Her buddy film doesn’t exactly play it straight
Two heterosexual male friends impulsively decide to make a gay porn film - starring themselves. How far might they carry their bromantic dare? And at what risk to their testosterone-addled psyches? That’s the premise behind “Humpday,’’ a comedy-drama written and directed by Seattle-based filmmaker Lynn Shelton. Chosen for the Cannes Film Festival’s Directors Fortnight Showcase, “Humpday,’’ Shelton’s third feature-length film, has generated even more buzz since capturing a Special Jury Prize at this year’s Sundance Film Festival. It opens locally Friday.
Shelton, 43, builds her latest film around a pair of old college buddies whose porn-flick gambit veers back and forth between farcical and uncomfortable. Ben (played by Mark Duplass) is newly married and preparing to start a family. Andrew (Joshua Leonard) is a globe-trotting slacker who can’t finish anything consequential in his life. Their dramatic foils include Ben’s wife, Anna (Alycia Delmore), and Monica, a bisexual object of Andrew’s affections, played with comic flair by Shelton herself.
An accomplished film editor and documentarian, Shelton has blossomed into an acclaimed indie director with films like “My Effortless Brilliance’’ (2008). Along with Mark and Jay Duplass, Joe Swanberg, Andrew Bujalski, and a few others, she’s frequently identified with the “mumblecore’’ film movement. Though she dislikes the term, as Shelton explained during a recent visit to Boston, she wholeheartedly embraces the artistic company in which it places her.
Q. Let’s start with “Humpday.’’ In the summer of “Brüno,’’ how far can you expect to push gay-male satire before feeling the backlash?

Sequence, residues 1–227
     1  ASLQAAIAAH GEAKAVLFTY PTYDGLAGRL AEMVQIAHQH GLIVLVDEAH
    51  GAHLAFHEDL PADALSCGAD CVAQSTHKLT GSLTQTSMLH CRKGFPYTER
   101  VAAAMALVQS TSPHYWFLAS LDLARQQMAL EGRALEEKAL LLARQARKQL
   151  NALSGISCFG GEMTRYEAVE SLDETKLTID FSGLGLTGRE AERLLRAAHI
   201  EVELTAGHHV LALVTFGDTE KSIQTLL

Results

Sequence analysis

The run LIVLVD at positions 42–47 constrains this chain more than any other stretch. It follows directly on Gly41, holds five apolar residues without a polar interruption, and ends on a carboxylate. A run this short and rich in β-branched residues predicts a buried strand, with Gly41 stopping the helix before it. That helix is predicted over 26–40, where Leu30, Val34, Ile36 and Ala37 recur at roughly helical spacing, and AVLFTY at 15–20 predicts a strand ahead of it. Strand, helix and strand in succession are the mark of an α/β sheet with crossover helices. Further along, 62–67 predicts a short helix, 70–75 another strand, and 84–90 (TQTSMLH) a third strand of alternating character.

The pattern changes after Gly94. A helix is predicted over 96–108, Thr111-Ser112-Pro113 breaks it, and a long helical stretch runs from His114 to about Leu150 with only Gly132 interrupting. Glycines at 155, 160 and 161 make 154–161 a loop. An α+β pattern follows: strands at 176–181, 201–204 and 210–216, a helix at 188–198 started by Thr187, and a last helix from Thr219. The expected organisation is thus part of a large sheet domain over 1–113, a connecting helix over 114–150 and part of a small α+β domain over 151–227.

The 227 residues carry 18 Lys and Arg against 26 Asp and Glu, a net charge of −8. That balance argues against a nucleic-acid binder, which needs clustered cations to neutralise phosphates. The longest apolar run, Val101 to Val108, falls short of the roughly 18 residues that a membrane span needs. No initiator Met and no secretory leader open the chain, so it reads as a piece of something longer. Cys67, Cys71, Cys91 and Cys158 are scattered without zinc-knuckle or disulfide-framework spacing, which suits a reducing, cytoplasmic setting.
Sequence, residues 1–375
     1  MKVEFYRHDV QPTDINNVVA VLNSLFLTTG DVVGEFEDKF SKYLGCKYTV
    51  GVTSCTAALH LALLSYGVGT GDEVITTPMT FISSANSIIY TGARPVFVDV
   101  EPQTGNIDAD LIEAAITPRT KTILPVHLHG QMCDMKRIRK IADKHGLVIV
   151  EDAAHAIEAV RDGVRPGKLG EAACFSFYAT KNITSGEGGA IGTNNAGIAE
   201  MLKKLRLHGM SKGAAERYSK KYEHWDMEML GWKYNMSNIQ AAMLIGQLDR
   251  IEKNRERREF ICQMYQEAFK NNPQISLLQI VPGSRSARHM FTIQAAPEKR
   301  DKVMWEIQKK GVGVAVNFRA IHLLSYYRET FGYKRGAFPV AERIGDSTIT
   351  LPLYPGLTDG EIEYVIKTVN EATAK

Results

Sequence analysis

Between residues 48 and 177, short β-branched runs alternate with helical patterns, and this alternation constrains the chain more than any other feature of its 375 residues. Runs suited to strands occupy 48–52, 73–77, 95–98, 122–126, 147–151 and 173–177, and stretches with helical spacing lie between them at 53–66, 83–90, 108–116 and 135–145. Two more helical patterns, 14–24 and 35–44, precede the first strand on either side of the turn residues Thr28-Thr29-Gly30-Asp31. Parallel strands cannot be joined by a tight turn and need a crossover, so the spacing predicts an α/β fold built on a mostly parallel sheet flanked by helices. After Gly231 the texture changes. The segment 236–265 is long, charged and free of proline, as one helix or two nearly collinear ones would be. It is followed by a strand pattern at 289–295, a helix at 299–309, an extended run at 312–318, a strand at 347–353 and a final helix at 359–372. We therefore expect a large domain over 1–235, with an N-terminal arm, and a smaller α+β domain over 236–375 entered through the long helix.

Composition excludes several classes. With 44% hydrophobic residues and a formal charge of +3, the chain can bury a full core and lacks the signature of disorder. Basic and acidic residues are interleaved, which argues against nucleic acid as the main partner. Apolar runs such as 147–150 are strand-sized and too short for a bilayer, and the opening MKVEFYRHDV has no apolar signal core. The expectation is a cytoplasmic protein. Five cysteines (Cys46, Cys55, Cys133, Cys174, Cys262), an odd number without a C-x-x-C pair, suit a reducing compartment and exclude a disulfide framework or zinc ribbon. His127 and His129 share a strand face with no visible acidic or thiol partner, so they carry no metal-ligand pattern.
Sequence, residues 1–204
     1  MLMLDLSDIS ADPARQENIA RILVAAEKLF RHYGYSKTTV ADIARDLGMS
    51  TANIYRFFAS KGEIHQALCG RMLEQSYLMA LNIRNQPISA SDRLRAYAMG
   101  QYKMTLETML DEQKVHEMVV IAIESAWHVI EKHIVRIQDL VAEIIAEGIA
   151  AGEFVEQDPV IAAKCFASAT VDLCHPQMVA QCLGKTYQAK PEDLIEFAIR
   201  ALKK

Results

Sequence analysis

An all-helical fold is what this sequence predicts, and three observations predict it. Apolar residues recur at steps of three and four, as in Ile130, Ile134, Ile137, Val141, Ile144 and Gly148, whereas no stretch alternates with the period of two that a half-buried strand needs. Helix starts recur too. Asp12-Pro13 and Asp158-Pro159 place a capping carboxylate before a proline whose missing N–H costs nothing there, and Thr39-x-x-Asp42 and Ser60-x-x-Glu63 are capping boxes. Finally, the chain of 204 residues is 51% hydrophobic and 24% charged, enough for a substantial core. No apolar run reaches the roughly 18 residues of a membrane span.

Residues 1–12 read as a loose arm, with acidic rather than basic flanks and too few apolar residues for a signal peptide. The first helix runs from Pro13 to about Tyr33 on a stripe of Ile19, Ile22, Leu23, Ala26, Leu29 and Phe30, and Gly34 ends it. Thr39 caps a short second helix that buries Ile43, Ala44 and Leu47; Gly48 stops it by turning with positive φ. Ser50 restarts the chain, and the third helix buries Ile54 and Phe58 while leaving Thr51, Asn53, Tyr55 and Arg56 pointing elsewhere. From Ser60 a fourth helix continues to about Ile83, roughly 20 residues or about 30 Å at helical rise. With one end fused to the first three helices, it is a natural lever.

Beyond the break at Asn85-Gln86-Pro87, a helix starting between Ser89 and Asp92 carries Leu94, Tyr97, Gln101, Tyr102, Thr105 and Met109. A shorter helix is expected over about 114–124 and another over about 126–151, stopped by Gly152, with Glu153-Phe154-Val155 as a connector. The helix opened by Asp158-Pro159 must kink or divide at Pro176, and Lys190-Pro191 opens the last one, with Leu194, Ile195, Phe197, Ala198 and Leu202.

A. It could be I haven’t met the haters yet, but the reaction so far has been all positive. It’s not a gay-themed movie anyway. It’s actually the opposite. These guys are so straight it gets them into a pickle they can’t out of.
Q. Straight, maybe, but they’re also clearly confused about their identities.
A. Exactly. Like, if you had a crush on a guy when you were 18, can you still consider yourself straight? The film is really about how one’s sense of self changes over time. Ben thinks he’s the same crazy guy he was in college. Andrew is this open-minded guy who discovers he has limitations like everyone else. One question I still ask myself after watching the movie is, did they make the connection again that they once had? Or did they just miss it? I’m still not sure.
Q. You’re not?
A. I’m not the best person to analyze my films.
Q. Talk about making this film. I understand you first approached Mark Duplass with a story outline but no fully developed script.
A. Correct. I like to involve the actors when things are still loose and they can flesh out their own characters. It’s a very organic process. For me, the Holy Grail is the extreme naturalism I can best get through improvisation. I wanted it to feel like a documentary, that as the story’s unfolding these characters seem like real flesh and blood. At the same time, I wanted to make a tight film, one that had the structure of classic scriptwriting where every scene has a purpose and feeds into the next.